ALBANY-The Long Island Power Authority‘s operations would be privatized under legislation introduced Monday by Gov. Andrew Cuomo. Public Service Enterprise Group Inc., which owns New Jersey’s largest utility, PSEG, would take control of Long Island operations in a plan that Cuomo said would “end LIPA as we know it.”
The move to bring in New Jersey-based PSEG as overseer of daily utility operations in New York City’s eastern suburbs had been in the works for some time. The slow pace of post-Sandy cleanup and utility restoration “made it undeniably clear that the LIPA status quo was unacceptable and that we needed to create a new Long Island utility system,” Cuomo said in a statement.
He said his plan would provide “a new structure that is designed to put ratepayers first by prioritizing better customer service, reducing the cost of debt, and placing the new utility under strong oversight. We are also pleased that the new utility company is seeking to freeze rates for three years, because Long Islanders have paid too much for too little for too long.”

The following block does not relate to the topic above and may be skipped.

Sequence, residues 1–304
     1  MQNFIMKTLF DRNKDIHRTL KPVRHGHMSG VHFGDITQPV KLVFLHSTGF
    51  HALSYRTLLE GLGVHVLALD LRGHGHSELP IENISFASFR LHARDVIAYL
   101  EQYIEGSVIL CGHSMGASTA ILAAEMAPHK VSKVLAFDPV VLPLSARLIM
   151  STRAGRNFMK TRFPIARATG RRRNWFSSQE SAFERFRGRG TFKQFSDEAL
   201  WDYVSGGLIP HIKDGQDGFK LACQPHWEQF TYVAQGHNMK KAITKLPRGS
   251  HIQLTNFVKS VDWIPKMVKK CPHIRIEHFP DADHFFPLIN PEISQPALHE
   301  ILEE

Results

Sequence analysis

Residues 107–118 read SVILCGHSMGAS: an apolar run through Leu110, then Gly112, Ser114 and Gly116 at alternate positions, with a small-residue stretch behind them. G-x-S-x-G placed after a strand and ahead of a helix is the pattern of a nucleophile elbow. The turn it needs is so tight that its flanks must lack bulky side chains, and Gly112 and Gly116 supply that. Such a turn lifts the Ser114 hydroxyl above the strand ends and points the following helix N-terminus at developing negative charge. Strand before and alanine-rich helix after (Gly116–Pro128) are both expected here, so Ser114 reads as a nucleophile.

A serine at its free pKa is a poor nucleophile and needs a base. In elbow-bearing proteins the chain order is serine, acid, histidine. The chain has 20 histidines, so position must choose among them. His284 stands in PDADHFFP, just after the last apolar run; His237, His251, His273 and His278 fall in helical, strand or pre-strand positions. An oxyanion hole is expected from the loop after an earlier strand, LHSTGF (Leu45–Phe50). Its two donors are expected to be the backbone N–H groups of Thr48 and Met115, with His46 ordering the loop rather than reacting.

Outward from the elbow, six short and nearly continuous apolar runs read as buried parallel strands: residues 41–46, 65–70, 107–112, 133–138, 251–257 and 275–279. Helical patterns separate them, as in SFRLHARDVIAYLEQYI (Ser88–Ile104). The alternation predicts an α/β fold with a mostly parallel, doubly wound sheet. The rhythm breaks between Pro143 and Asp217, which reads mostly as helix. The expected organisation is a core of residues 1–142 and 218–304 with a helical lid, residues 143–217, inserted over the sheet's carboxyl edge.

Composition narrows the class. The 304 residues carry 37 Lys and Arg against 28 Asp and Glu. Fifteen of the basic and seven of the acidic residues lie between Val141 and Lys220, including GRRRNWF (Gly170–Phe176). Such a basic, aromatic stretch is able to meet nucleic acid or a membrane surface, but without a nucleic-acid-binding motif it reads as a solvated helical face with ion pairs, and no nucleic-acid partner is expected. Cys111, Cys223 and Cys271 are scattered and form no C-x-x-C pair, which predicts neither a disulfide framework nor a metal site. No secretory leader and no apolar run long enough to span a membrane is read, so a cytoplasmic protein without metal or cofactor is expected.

A study commissioned by Cuomo after Sandy blamed a “dysfunctional bifurcated structure” for LIPA’s poor customer service, high rates, large debt load, insufficient and antiquated infrastructure and failure to perform during natural disasters, the governor’s office said Monday. Consultants, rather than in-house utility managers, called the shots on resource/capital investment, the study concluded, and the power authority was not subjected to any state oversight.
If Cumomo’s legislation is approved, PSEG would have full authority to manage daily operations as well as budgeting, operation and maintenance of the utility system; storm preparedness and response; infrastructure improvements; and energy efficiency and renewable activities. LIPA will be reduced to a holding company with a small board in order to remain government-owned and therefore eligible for FEMA and tax benefits.
LIPA’s $6.7-billion debt load has remained constant since the 1990s and accounts for nearly 10% of ratepayers’ bills, the governor’s office said Monday. The debt would be pared down by refinancing about half of it under a lower interest rate.